Carcasses of Olive Ridley turtles were sighted floating near the Rushikulya rookery on the Orissa coast after an oil spill from a ship near the Gopalpur port.

Environmental activists suspect this to be the impact of the spill. Some 25 carcasses were reported to be floating between Prayagi and Arjipalli since Thursday. Most were two to three days old.

Around 7,000 litres of oil had spilt from the Essar-owned vessel MV Malabika on Tuesday evening when a barge hit it due to rough weather.

Buried hastily

It is suspected that suffocation or toxicity of spilt oil may have been a catalyst for the deaths.

Environmental activists have alleged that carcasses were being hastily buried by the authorities without any attempt to determine the cause of deaths.

Soumya Tripathy of the Greenpeace, who visited the Rushikulya rookery on Friday, said a toxic impact on mature Olive Ridleys in the sea near this coast and the young hatchlings that are about to come out from the nests on this mass nesting coast cannot be ruled out.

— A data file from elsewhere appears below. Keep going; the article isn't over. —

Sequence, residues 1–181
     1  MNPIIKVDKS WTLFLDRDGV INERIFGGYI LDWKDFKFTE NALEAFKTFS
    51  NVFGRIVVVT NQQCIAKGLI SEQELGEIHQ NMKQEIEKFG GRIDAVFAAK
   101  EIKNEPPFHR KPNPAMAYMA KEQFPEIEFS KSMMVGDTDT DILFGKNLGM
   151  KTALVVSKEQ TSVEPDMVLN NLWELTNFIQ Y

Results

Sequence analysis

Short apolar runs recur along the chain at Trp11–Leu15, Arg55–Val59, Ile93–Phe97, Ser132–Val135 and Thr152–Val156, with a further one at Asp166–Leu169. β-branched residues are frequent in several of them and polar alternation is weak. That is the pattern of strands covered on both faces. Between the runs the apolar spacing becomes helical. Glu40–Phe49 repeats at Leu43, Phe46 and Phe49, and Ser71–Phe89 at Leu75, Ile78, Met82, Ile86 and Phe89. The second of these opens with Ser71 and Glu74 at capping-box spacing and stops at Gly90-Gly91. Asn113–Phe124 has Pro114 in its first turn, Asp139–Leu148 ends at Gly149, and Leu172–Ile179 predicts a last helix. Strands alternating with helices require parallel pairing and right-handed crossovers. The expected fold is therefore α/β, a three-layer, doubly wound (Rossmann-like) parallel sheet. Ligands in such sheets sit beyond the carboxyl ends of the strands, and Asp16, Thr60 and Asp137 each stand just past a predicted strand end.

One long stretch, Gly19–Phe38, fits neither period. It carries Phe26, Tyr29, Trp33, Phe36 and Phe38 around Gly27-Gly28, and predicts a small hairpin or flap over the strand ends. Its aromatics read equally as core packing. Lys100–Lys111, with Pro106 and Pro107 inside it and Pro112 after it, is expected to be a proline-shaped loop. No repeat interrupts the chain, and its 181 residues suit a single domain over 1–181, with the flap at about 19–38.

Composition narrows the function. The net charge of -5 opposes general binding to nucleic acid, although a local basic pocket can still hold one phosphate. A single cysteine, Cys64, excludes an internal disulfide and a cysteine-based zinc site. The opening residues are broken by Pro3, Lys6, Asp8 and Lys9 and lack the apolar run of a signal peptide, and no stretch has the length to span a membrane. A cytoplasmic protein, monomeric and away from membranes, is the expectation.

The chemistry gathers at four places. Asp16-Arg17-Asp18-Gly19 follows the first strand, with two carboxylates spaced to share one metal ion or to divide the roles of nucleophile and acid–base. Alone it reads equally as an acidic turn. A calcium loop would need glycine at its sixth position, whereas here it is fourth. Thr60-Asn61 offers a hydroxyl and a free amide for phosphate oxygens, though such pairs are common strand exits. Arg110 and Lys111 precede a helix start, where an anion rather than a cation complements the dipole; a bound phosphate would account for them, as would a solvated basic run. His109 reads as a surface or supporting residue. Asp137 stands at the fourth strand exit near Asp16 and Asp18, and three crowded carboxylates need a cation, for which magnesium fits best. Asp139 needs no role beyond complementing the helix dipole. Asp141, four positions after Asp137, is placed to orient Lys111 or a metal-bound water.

According to him, the spill can cause cutaneous toxic reactions and suffocation for marine turtles, which can cause death.

According to marine scientists, the planktons near the beach have been affected by the spill. This would affect the delicate marine food chain in the area. The first food of tender hatchlings are planktons and small sea animals.

It is feared that due to this pollution of the sea near the nesting site, the mortality among hatchlings may be quite high this year.

Even after four days, the residue of emulsified hydrocarbon was floating and getting carried to the rookery.

The port authorities had to deploy workers again to clean up the beach by collecting and segregating the sand affected.

Rabindra Sahu of the Rushikulya Marine Turtle Protection Committee said the effect of the spill would extend to the Chilka lake, connected to this region by the Palur canal.

Fish stinks of lubricants

He said the fish catch from this stretch now stinks of lubricants and salt producers of the area are worried that their produce too may get affected.